Internet Message Access Protocol (IMAP) was developed from a need for mobile email access. Many workers read mail from a variety of locations (the office, home, hotel rooms, and so on) and want such flexible features as the ability to download headers first and then selectively download mail messages. The main mail delivery protocols before IMAP, for the Internet, was POP, which offers more rudimentary mail delivery-only functionality
With IMAP, traveling users can access their email from anywhere and download it or leave it on the server as desired. POP, on the other hand, does not work well when users access email from many different machines; users end up with their email distributed across many different email clients. IMAP provides users with the ability to remotely manage multiple email boxes, and store or search as well as archive old messages.
IMAP, fully documented in RFC 3501, was designed to provide a robust, mobile mail delivery and access mechanism. For more detail on the protocol and how it functions on the network layer, or for additional information on the numerous specification options, please consult the RFC documentation.
Over the 15 years since this book was first published, the
Internet has virtually exploded onto the mainstream stage. It has
rapidly grown from a simple communication device used primarily by
academics and researchers into a medium that is now nearly as
pervasive as the television and telephone. Social observers have
likened the Internets cultural impact to that of the printing press,
and technical observers have suggested that all new software
development of interest occurs only on the Internet. Naturally, time
will be the final arbiter for such claims, but there is little doubt
that the Internet is a major force in society and one of the main
application contexts for modern software systems.
The Internet also happens to be one of the primary application
domains for the Python programming language. In the decade and a half
since the first edition of this book was written, the Internets
growth has strongly influenced Pythons tool set and roles. Given
Python and a computer with a socket-based Internet connection today,
we can write Python scripts to read and send email around the world,
fetch web pages from remote sites, transfer files by FTP, program
interactive websites, parse HTML and XML files, and much more, simply
by using the Internet modules that ship with Python as standard
When they were all seated and the noise was hushed, their came a clap of thunder so loud and terrible that they thought the palace must fall. Suddenly the hall was lit by a sunbeam which shed radiance through the palace seven times brighter than had been before… When they had sat a long while thus, unable to speak and gazing at one another like dumb animals, the Holy Grail appeared, covered with a cloth of white samite; and yet no mortal hand was seen to bear it. It entered through the great door, and at once the palace was filled with fragrance as though all the spices of the earth had been spilled abroad.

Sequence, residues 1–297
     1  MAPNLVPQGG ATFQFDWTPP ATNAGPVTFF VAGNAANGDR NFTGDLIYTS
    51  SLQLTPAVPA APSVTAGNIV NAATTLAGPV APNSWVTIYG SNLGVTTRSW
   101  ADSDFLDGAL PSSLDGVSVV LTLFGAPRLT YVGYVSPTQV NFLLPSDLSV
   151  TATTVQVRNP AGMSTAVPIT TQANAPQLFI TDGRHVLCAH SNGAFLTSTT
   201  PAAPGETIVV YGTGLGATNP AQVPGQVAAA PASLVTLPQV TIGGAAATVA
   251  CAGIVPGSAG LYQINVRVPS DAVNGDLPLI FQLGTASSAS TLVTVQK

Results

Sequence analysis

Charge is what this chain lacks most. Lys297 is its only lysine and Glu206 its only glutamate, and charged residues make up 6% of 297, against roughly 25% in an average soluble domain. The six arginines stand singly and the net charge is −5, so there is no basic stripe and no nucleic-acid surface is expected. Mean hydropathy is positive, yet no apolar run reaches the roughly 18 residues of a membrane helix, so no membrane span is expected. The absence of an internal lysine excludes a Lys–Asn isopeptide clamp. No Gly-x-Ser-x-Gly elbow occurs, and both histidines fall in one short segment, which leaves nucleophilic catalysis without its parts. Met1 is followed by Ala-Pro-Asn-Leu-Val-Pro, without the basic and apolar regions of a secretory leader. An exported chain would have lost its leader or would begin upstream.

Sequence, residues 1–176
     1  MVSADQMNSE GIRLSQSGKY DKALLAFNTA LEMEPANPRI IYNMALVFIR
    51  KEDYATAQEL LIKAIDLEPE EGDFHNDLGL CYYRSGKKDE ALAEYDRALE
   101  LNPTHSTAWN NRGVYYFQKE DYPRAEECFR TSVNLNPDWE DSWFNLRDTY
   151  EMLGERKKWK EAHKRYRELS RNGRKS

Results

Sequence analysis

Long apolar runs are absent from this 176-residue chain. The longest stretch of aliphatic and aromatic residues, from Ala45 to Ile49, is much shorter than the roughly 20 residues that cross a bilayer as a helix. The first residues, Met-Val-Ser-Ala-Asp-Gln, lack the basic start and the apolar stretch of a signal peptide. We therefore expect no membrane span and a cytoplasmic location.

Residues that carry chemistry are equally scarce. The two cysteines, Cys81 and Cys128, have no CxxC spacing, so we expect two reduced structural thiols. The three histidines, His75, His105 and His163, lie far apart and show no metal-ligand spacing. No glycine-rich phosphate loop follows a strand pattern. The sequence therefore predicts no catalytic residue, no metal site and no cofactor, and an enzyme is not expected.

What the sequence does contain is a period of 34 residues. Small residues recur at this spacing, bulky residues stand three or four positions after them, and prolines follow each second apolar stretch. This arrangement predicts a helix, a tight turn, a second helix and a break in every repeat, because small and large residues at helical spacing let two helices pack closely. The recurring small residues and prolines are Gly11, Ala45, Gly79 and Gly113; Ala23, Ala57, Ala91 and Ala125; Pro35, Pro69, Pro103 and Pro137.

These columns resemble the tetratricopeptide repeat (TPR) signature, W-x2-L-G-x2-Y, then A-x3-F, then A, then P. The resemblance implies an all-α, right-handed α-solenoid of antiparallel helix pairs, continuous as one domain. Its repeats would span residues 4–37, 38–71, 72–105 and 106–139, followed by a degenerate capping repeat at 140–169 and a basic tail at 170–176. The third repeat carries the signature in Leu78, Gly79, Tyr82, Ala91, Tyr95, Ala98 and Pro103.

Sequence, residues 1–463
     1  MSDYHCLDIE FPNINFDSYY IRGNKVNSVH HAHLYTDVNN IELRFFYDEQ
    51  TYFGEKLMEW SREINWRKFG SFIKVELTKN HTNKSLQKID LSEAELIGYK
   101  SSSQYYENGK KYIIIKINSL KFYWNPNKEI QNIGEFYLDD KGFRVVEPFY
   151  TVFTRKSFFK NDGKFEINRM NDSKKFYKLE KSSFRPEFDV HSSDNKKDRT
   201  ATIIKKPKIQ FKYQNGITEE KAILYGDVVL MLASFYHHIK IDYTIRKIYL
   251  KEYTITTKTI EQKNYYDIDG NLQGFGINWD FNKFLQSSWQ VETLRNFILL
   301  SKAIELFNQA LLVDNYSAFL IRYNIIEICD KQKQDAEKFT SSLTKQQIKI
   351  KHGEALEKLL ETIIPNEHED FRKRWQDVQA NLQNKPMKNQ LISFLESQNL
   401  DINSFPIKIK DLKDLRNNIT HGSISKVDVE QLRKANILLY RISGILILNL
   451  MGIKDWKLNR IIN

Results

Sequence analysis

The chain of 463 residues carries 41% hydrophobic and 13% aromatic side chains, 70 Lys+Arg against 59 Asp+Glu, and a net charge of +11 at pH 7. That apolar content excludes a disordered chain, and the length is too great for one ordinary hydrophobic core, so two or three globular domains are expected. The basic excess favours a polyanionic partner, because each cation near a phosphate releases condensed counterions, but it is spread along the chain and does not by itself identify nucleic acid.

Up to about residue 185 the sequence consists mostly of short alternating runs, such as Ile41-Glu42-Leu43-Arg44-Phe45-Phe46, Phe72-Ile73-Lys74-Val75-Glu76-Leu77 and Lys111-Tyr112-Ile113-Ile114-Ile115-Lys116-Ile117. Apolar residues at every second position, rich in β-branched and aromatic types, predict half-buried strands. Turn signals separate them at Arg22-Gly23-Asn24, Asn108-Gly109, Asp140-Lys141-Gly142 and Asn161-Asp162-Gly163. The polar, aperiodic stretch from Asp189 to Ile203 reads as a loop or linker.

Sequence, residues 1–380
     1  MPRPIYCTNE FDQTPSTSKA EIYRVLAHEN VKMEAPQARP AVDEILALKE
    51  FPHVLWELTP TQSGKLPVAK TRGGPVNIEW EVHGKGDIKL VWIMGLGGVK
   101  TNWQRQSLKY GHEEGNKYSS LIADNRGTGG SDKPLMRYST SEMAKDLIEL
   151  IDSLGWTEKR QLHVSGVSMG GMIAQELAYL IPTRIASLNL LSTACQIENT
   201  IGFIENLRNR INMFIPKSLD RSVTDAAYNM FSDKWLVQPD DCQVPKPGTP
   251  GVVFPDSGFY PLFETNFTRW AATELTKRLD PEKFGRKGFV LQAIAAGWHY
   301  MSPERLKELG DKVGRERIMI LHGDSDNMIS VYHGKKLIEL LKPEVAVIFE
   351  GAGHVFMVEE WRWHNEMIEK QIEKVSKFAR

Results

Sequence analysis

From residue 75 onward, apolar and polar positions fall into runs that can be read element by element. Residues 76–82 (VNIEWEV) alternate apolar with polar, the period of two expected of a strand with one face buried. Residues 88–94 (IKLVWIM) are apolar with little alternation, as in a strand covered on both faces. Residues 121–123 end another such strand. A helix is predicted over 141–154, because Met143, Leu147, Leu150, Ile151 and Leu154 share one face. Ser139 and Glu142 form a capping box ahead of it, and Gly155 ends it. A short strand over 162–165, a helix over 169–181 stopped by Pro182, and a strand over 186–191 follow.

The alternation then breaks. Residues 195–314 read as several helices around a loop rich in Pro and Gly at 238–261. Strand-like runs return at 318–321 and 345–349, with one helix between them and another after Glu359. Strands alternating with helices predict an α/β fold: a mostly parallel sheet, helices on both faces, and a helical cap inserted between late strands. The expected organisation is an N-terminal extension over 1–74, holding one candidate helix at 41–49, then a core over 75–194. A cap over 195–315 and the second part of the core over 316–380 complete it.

— Queste del Saint Graal
As the great visionary writer Dion Fortune wrote, almost fifty years ago:
There are times in the history of races when the things of the inner life come to the surface and find expression, and from these rendings of the veil the light of the sanctuary pours fourth.’ (15)
Thus it was with the legends of the Grail. Too long ago now to identify with any degree of certainty, an idea found crystallisation in the form of a sacred vessel, which contained the potentiality of all wisdom and knowledge, and through them of understanding. In ancient Hellenic mystery teachings it was the Crater, the Cup in which the gods mixed the very stuff of creation. The Sufisnear the beginning of the 11th century,s saw it as the Cup of Jamshid, from which knowledge and divine inspiration were dispensed. Its image is found in India, in Japan, in the Russias, and among the Celtic peoples, where it is recognised as the life-bestowing Cauldron belonging to the Goddess Ceridwen or the God Bran.
Black swarthy eyes of a robed salt & pepper bearded pirate answered the knock on the heavy school door.
“Ah, bonjour, bonjour. Entrez.”
Pirate took his hand in both of his.
“Entrez, entrez. Je m’appelle Père Robine et je suis directeur de l’institut ici, au petit séminaire. Je suis enchanté de faire votre connaissance. Suivez moi.
Vous venez d’arriver?”1
Père Robine led him down a wood-panelled corridor a book-lined study chair glass of water awful English apologising in French brought to his senses a reminder that his French was awful no it wasn’t yes it was look at what was happening. McMorine said he was good at French how come he couldn’t understand a word the bus driver the woman in the shop the old man said now the pirate? The French didn’t speak French they spoke rat-a-tat-tat machine gun French not French he would have to learn as well? Should he leave all a mistake before he could Père Robine leaned forward make a point needed to reply at least something concentrated on the soft barrage made out nothing for a moment wondered Père Robine was Spanish or Italian taken the wrong plane wave of anger McMorine put him in this position Père Robine stopped staring awaiting a response not knowing what to say came up with